Telemachus's outburst reminds us that he's too young and weak to attack the suitors himself, but he's also portrayed as a moral authority in the poem: he's been trained in right and wrong, and immediately recognizes when the suitors overstep their position. In ancient Greece, the highest law is the law of the household: visitors and guests are required to be polite and orderly. Thus, for the suitors to be rude and spend all their time in Penelope's home, abusing the law of hospitality, is a sign of their immorality--a crime for which they'll eventually pay with their lives.

Book 3 Quotes

Some of the words you'll find within yourself,
the rest some power will inspire you to say.
You least of all – I know –
were born and reared without the gods' good will.

Related Characters: Athena (speaker), Telemachus
Page Number: 3.29-32
Explanation and Analysis:

In this scene, young Telemachus gets a visit from the goddess Athena. Athena tells Telemachus that she's going to help his father return to his home, and that Telemachus needs to take action as well. Telemachus is reluctant to follow Athena's advice and ask Nestor about Odysseus, but Athena encourages him nonetheless, assuring him that he'll "find the right words."

In one sense, this passage further complicates the idea of free will in the poem. Telemachus must choose to take action on his own, but Athena, a goddess, is also blatantly advising him what to do, and she tells him that he will be inspired by "some power" to say the right things when the time comes. As is typical of Homer and Greek mythology in general, there is a complicated mixture of human freedom, divine intervention, and overarching fate involved in every action.

The passage is also important because it establishes speech and eloquence as a vital part of maturity. Telemachus's story in the poem is a coming-of-age tale: with Athena's help, he'll learn to take control over his own life. The first step in doing so, it's suggested, is learning how to express his opinions with courage and conviction. Homer, a poet, is a little biased in portraying speech as the most important part of maturity, perhaps. He even makes a comparison between Telemachus's speech to Nestor and his own duty to recite the Odyssey--in both cases, the mortals look to the gods for inspiration, but also receive glory for rhetorical skill and power.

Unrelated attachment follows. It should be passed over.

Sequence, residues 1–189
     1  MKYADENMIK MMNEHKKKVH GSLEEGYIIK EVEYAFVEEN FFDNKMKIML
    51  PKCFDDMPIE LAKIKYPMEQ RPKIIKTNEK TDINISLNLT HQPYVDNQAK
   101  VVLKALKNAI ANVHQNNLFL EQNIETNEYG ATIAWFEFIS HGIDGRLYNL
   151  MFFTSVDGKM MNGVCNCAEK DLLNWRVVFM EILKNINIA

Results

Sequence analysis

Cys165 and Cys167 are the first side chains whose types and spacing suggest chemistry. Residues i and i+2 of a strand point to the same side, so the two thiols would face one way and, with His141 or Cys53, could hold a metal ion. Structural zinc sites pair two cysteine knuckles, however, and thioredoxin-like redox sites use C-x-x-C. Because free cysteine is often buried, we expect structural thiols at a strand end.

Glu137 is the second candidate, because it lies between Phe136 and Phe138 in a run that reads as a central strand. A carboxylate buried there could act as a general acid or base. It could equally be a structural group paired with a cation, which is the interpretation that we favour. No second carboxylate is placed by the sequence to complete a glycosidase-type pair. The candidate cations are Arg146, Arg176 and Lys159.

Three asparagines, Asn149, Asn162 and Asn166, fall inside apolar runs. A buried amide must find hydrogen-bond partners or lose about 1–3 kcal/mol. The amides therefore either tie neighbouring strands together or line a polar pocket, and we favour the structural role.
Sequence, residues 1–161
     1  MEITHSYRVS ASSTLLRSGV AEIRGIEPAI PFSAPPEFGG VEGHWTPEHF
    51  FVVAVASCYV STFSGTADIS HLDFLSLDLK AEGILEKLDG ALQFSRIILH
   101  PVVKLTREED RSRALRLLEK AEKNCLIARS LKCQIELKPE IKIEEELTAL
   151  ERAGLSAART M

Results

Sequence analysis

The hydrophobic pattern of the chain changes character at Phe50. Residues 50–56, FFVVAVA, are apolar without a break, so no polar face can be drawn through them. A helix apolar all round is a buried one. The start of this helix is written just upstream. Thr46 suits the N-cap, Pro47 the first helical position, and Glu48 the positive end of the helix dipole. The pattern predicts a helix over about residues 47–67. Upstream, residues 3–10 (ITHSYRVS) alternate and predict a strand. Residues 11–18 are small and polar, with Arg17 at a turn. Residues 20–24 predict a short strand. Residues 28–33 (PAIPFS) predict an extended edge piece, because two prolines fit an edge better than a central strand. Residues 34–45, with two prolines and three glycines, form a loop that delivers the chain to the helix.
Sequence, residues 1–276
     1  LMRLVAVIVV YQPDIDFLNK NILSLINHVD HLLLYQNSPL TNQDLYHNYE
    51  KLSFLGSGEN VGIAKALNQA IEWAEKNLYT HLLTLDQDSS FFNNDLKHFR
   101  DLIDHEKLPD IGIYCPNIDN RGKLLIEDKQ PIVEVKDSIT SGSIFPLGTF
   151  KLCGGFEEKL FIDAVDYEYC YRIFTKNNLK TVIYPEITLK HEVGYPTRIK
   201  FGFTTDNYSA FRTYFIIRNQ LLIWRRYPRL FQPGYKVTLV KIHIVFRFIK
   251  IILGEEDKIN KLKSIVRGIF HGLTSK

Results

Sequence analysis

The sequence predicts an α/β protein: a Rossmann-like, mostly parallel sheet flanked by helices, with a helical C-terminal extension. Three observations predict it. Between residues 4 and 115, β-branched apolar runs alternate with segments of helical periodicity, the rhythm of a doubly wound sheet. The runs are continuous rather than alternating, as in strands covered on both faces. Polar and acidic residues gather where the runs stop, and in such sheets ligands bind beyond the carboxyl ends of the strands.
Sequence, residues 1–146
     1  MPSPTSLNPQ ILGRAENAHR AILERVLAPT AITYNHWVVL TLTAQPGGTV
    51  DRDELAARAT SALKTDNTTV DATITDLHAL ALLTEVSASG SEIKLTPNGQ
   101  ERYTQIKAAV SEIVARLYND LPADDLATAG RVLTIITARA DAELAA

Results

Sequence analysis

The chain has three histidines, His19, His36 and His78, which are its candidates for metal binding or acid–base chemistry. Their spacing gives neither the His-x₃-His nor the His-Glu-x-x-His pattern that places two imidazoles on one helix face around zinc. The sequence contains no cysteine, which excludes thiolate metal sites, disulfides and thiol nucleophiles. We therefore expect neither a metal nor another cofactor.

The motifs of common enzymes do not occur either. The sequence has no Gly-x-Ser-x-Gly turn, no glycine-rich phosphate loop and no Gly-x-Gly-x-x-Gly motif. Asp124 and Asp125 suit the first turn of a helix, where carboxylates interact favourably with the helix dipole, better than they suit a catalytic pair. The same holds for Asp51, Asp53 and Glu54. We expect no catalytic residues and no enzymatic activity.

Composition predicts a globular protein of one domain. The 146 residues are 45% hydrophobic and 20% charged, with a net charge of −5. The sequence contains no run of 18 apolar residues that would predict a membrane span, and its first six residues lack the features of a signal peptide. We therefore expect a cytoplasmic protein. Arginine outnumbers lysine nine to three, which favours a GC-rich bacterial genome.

Book 5 Quotes

Outrageous! Look how the gods have changed their minds
about Odysseus – while I was off with my Ethiopians.
Just look at him there, nearing Phaeacia's shores
where he's fated to escape his noose of pain
that's held him until now. Still my hopes ride high –
I'll give that man his swamping fill of trouble!

Related Characters: Poseidon (speaker), Odysseus
Page Number: 5.315-320
Explanation and Analysis:

Here Homer firmly establishes the antagonism between Odysseus and Poseidon. Odysseus has disrespected Poseidon by, among other things, blinding his son Polyphemus. Poseidon has vowed to wage war against Odysseus, making his journey back to Ithaca extremely challenging.

And yet, the passage shows, Poseidon is only one god out of many. Many of the other gods on Olympus support Odysseus in his quest to journey home. The indeterminacy of the gods' support for Odysseus (i.e., the fact that some of the gods support him and others don't, and all of them are fickle and likely to change their minds) suggests that the result of Odysseus's journey is not predetermined, unless it is by a power higher than the gods themselves--fate, or perhaps the mysterious divine figures of "the Fates." But because of this ambiguity regarding destiny, it's suggested that Odysseus will have to use his own ingenuity and strength to get home, recognizing that insofar as he's in control of his destiny, he must act in the right way in order to succeed.

Book 6 Quotes

But here's an unlucky wanderer strayed our way,
and we must tend him well. Every stranger and beggar
comes from Zeus.

Related Characters: Nausicaa (speaker), Odysseus, Zeus
Page Number: 6.226-228
Explanation and Analysis:

Nausicaa, a princess, stumbles upon the body of Odysseus, who's been washed ashore after a horrible storm. While Nausicaa's maids and serving girls run away from Odysseus, a male stranger, Nausicaa is not afraid. Indeed, she orders her attendants to take care of Odysseus. Nausicaa's explanation for her kindness is interesting: all wanderers come from Zeus.

Nausicaa embodies the morality of the ancient world: hospitality is a sacred law, and a good host must provide food and shelter for wanderer, recognizing that all human beings (and gods) deserve respect and welcome. Nausicaa alludes to her common humanity with Odysseus: while they may be very different, they're both human beings, and therefore the creations of Zeus. (Her statement may also be a reference to the myth of Baucis and Philemon, a poor old couple who took in Zeus himself when he was disguised as a beggar, and were richly rewarded for doing so.) Also notice that Nausicaa agrees to take care of Odysseus before she's aware that he's a king of Ithaca--her generosity is motivated by a selfless respect for other people, not a desire to please a king. (It's also possible that Nausicaa has a crush on Odysseus, as Athena has enchanted him to look beautiful.)

Book 8 Quotes